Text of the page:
What do these qualities imply? Wisdom is the gift to see things as God sees them. It sees everything for its true worth in relation to God. Wisdom penetrates through events and perceives God’s presence at work even in tragic situations. It helps us to see what God wants and to do it. God was pleased that young King Solomon asked for this special gift. It is a priceless gift that we all need - to see what is really important in life. God can make us wise if we ask Him. He can help us see things as He sees them.
But this is not the end of this conversation between Solomon and God. God’s gifts to Solomon will be fruitful only “if you follow me by keeping my statutes and commandments.” Is God making his gift conditional? No, God simply realizes the human condition. Being wise with an understanding heart does not eliminate our free will. We still have the ability to choose between good and evil. History tells us that all was not perfect under the reign of Solomon, but that during the times that Solomon was faithful, the kingdom prospered.
We will prosper if we allow God’s wisdom to direct our lives and our decisions. We will prosper if we follow our consciences. Conscience is not some “little voice” within that directs us. For our consciences to be authentic and honest, they must allow God’s wisdom to form them, allow God’s wisdom to direct us. Otherwise, we are deceiving ourselves and allowing our desires to rule our consciences. If we allow desire to direct us rather than wisdom, we follow the example of our first parents who allowed the spirit of pride to lead them to taste the forbidden fruit. This can happen to anyone. It happened to Solomon in the course of his life.
We must continually seek to inform our consciences through reflection on the Word of God, and to conform our consciences to the Will of God. In what many consider the most beautiful passages in the Gospels, Jesus gives us direction. He does not give us a list of commands but instead tells us the kind of people who are blessed by God, who are friends of God, whom we should strive to imitate, whom we must cherish, and for whom we must care.
God’s friends are the poor in spirit, those who mourn, the meek, the hungry, those thirsting for righteousness, the merciful, the clean of heart, the peacemakers, and the persecuted.
To be poor in spirit and to be meek is to accept that we cannot change everything we wish, that we are not completely the masters of our own destinies. It is to accept that we are part of God’s plan. It also is to remind us that we have a responsibility before God to assist those who are poor in material things that we might have in abundance.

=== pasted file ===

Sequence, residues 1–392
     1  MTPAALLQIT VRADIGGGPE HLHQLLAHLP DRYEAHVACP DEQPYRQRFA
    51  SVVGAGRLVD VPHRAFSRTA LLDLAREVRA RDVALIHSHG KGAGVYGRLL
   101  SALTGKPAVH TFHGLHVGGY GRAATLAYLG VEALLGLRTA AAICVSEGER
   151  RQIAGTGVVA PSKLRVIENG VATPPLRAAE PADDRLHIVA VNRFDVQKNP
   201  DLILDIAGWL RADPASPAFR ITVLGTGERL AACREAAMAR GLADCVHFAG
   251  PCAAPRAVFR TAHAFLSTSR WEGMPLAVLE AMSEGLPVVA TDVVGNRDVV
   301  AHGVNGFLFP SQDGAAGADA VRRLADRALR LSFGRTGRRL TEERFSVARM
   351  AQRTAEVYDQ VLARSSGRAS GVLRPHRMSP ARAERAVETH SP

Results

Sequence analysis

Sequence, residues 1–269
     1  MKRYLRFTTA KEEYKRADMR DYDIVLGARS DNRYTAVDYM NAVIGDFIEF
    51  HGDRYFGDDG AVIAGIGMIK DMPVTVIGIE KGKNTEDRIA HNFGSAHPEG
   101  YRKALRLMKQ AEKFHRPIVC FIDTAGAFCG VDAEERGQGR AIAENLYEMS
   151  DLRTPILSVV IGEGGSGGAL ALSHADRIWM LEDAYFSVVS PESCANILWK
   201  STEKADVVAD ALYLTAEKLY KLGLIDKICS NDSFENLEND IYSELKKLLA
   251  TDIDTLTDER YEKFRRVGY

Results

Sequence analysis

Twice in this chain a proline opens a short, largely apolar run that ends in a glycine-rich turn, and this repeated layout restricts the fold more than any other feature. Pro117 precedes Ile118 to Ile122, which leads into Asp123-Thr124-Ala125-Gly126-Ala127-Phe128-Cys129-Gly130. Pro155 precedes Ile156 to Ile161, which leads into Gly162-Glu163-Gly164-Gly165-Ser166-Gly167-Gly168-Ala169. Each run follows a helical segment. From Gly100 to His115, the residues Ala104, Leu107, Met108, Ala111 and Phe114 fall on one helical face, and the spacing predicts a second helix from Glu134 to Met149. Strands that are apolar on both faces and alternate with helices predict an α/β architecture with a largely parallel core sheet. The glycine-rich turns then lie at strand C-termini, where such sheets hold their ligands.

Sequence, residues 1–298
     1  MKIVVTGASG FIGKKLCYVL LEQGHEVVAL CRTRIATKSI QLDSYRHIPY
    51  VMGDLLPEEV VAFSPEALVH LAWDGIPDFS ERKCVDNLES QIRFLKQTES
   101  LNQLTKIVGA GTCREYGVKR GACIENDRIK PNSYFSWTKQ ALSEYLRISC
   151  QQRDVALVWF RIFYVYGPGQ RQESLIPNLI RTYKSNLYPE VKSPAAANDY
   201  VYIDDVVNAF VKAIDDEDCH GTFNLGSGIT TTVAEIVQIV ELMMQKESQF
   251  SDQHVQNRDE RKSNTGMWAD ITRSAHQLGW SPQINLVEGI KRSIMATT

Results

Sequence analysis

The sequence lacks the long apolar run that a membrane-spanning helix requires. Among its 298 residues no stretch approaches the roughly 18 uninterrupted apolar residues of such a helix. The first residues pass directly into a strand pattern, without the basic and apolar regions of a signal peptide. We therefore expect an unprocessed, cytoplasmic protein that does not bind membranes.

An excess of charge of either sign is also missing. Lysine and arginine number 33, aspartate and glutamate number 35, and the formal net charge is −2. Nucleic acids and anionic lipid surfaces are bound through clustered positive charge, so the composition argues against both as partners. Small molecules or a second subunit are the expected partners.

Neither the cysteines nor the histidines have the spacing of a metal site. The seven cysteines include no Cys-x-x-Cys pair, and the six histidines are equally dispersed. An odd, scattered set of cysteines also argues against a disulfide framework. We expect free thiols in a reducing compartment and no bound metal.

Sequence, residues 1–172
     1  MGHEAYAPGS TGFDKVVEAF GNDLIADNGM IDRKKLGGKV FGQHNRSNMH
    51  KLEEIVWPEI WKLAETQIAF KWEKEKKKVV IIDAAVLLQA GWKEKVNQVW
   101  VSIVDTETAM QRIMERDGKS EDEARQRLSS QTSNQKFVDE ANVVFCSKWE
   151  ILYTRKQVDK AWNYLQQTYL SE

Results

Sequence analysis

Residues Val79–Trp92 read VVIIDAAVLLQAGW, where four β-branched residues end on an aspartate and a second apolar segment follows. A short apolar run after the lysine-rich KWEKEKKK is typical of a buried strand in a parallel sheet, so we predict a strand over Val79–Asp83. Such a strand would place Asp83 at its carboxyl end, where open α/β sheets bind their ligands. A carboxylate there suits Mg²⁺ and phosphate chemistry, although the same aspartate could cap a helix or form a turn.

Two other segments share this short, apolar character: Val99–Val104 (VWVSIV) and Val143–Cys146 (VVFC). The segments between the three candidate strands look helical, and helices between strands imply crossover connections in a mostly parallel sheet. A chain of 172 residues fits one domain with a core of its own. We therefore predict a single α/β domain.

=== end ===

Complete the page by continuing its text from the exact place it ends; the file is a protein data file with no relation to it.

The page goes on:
Mourning is a part of the life of each one of us. We are mortal. Earthly death comes to us all. When we lose a loved one, we mourn. Mourning is the natural reaction to the end of earthly life. More than ever, in these difficult times we must share the sorrows and the joys of others and we must assist those who mourn not only the loss of a life but the loss of their livelihood.
The righteousness about which Jesus is speaking is the righteousness of God, not a utopian fantasy. However, in seeking to achieve it, we must work to insure that all people are treated with justice and do what we can to change unjust conditions wherever we find them.
Those who show mercy to others are close to God who shows mercy to all. As Shakespeare wrote:
The quality of mercy is not strain'd,
It droppeth as the gentle rain from heaven
Upon the place beneath. It is twice blest:
It blesseth him that gives and him that takes.
Like the truly merciful, we must forgive others and allow compassion, not anger, to rule our lives.
When Jesus speaks of “the clean of heart,” he does not mean a narrow notion of the heart as merely a font of emotions disconnected from the intellect and the will. Rather, he is referring to the inner person, to the seat of our moral personality. He may have been thinking of Psalm 51, “A pure heart create for me, O God, put a steadfast spirit within me.” The truly clean of heart are strong and generous persons who can live according to the Prayer of St. Francis of Assisi: “O Divine Master, grant that I may not so much seek to be consoled as to console, to be understood as to understand, to be loved as to love.”
As we began this Eucharist, I uttered the words: “Peace be with you,” the words of Jesus’ greeting to his followers. In both the Jewish and Islamic traditions, people daily greet one another with the words “Shalom” and “Salaam,” or “Peace be with you.” Peacemaking is a divine work. Peace means reconciliation, and God is the author of peace and reconciliation. Peace is the work of justice; if there were no injustice, there would be peace. It is not surprising that those who seek justice and peace are called by Jesus “the children of God.”
Is following the beatitudes easy? No. Jesus knew that and his last blessing was “Blessed are they who are persecuted for the sake of righteousness, for theirs is the kingdom of heaven.” If we follow the teaching of the beatitudes, we will find that life is not always easy. The beatitudes are a challenge. But as long as we trust in God and stand up for what is right, we can be assured that we too will be blessed.
Today we pray for Governor Chris Christie, Lieutenant Governor Kim Guadagno, the members of the new administration of the State of New Jersey, we pray for all state, county, and municipal officials. We pray that you will be blessed with wisdom, even more we pray that you will be blessed with the wisdom of Solomon – you will need it.
We pray that Peace, Shalom, Salaam, will reign in your hearts and shine forth in your endeavors. We pray that the blessing of God, Father, Son, and Holy Spirit, will descend on you and remain forever.